Keeping data private
Michigan voters can strike a blow for liberty by approving an amendment to the state constitution.
The Editorial Board
Wed, 12 Aug 2020 04:00:00 GMT
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Michigan voters can strike a blow for liberty by approving an amendment to the state constitution that will protect personal data stored in electronic and digital form.
The amendment gives the same protections from warrantless search and seizure to information and documents stored on cell phones and computers as that offered to a person’s personal documents and other property.
The amendment would make clear that digital communications and data are protected by the Fourth Amendment, said Merissa Kovach of American Civil Liberties Union, Michigan.
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The question of such data being protected in the state would be answered “once and for all.”
It’s a rare opportunity to extend state constitutional protections for citizens. Voters shouldn’t miss an opportunity to decide Michigan’s law directly.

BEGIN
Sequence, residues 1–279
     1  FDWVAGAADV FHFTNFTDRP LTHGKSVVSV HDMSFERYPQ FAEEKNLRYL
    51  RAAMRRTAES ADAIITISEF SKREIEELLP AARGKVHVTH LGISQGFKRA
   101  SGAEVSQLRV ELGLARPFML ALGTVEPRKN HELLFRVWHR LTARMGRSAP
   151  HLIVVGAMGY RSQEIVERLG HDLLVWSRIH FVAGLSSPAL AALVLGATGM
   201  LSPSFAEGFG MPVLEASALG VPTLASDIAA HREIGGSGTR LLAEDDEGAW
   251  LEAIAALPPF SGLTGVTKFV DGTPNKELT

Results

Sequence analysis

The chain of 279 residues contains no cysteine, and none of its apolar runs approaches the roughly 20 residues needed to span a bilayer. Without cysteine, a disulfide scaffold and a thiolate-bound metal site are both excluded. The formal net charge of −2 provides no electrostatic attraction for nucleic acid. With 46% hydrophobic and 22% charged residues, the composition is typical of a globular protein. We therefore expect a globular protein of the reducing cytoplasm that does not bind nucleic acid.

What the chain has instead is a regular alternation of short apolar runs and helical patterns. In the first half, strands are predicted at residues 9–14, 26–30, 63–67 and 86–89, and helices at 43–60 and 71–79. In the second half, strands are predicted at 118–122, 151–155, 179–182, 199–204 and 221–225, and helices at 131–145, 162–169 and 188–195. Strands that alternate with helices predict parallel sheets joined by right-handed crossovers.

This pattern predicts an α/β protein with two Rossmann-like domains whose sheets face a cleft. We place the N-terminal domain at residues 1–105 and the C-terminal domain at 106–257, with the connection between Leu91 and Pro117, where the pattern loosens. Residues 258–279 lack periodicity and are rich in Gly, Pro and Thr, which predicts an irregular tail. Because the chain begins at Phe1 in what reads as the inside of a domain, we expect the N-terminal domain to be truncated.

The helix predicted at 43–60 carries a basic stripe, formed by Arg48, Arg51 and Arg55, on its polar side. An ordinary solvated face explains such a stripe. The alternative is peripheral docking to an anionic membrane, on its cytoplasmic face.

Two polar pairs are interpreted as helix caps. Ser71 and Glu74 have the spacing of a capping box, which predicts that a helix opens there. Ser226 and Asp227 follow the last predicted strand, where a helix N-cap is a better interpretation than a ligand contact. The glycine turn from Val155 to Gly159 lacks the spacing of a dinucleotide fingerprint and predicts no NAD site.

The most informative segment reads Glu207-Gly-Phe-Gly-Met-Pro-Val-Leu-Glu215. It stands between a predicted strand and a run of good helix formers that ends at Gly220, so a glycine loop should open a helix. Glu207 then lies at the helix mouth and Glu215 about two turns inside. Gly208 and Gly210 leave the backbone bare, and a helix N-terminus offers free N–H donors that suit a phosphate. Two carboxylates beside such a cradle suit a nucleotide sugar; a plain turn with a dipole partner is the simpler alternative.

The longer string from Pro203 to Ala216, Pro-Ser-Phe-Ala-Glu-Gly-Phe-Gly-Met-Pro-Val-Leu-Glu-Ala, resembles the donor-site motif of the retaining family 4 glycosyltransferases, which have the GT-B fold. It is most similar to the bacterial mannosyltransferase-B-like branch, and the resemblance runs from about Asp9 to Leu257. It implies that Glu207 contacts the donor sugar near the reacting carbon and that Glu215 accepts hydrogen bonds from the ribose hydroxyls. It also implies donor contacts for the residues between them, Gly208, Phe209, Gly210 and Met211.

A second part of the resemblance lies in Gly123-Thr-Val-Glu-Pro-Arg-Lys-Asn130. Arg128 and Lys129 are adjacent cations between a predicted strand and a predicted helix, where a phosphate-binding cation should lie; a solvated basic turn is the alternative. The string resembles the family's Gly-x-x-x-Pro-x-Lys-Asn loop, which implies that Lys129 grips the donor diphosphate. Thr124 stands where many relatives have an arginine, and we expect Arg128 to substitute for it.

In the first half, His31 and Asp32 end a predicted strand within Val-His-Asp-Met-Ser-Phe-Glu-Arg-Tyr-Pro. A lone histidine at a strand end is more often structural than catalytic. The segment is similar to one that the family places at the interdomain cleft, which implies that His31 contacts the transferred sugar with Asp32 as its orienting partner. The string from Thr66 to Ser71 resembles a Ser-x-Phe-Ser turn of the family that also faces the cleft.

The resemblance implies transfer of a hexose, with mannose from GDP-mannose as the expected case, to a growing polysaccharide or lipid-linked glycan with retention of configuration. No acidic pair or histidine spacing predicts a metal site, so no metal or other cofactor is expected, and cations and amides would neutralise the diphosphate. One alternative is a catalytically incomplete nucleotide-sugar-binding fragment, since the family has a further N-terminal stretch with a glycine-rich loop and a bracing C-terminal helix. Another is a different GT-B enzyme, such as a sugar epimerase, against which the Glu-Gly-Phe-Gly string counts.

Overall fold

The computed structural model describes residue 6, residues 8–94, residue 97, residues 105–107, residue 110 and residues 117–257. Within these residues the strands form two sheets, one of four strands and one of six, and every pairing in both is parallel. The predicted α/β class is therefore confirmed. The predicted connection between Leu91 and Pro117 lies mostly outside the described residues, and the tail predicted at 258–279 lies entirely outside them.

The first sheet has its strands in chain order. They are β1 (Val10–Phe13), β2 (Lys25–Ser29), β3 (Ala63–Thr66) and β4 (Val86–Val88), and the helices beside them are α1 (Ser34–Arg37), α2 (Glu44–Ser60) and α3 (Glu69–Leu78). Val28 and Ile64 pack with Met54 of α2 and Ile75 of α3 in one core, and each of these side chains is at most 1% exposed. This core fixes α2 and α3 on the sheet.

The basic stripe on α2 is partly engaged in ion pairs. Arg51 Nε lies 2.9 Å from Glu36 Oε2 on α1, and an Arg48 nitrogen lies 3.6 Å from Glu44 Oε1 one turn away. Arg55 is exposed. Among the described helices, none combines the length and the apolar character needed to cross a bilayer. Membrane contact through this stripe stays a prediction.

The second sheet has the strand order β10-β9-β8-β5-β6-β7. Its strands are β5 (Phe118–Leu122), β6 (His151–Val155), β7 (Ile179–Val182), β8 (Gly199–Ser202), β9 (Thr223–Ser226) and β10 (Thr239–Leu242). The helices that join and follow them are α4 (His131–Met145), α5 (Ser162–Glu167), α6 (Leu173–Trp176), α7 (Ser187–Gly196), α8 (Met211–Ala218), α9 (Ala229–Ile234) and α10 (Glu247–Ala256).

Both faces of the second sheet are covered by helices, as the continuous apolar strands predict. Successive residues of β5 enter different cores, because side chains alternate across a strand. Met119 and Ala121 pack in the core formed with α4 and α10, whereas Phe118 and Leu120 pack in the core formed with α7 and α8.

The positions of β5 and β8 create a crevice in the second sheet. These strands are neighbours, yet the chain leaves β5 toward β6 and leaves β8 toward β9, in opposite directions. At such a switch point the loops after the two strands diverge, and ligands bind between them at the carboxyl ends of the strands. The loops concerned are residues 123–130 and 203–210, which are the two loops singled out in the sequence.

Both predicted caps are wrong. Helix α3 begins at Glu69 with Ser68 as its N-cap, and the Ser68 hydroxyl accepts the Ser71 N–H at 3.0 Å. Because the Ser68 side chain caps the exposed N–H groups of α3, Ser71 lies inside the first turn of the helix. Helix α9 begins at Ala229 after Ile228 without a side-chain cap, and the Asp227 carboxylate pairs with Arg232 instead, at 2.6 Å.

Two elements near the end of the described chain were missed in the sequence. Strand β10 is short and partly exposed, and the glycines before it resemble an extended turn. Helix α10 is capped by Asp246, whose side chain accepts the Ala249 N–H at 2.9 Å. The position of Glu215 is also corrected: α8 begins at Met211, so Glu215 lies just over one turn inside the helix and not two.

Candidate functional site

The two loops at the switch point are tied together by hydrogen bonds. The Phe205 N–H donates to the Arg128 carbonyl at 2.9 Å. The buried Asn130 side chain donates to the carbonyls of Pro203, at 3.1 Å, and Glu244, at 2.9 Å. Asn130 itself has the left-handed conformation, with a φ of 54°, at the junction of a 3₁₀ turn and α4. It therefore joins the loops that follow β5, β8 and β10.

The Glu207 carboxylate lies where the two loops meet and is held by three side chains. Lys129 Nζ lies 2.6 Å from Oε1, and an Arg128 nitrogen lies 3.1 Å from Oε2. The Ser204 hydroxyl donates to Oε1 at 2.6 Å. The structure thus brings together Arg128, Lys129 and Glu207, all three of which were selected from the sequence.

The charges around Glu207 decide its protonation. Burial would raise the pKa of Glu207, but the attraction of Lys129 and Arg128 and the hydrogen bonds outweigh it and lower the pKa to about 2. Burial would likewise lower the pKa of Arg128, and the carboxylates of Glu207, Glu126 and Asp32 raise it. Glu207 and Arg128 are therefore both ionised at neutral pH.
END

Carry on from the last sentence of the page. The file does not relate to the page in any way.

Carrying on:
The resolution to put the issue on the ballot had bipartisan support in the Legislature.
A document or photo owned by an individual is personal property no matter whether in hard copy or digital formats. And personal property is protected from warrantless searches and seizures by both the state and U.S. constitutions.
This amendment is needed though, because the courts have struggled with the issue.
While the U.S. Supreme Court has ruled that a warrant is needed to search cell phone data, the reality is that courts change their opinions, and police departments change their practices, so the most effective way to protect electronic data is to make it clear by passing a law, in this case an amendment to the state constitution.
Like a letter or a personal document, police should obtain a warrant for digital information after proving to the satisfaction of a magistrate or judicial officials that the information is needed for a criminal investigation and that probable cause exists.
The amendment does not hamper police. Law enforcement can certainly pursue criminal cases involving electronic data. Most police forces follow these standards already — by obtaining a warrant for searches.
The lead sponsor of the resolution leading to the amendment vote, Sen. Jim Runstead (R., White Lake), said that the law needs to change with the times.
“The failure of our laws to address this new reality is not only a threat to our liberties today. It is a threat to the future generations to come.”
The senator is right. Protections enshrined in the Michigan Constitution will protect the citizens of the state now and in future, as the constitution intended. “The right of the people to be secure in their persons, houses, papers and effects, against unreasonable searches and seizures, shall not be violated …”
It’s time to bring Michigan law into the age of digital communications.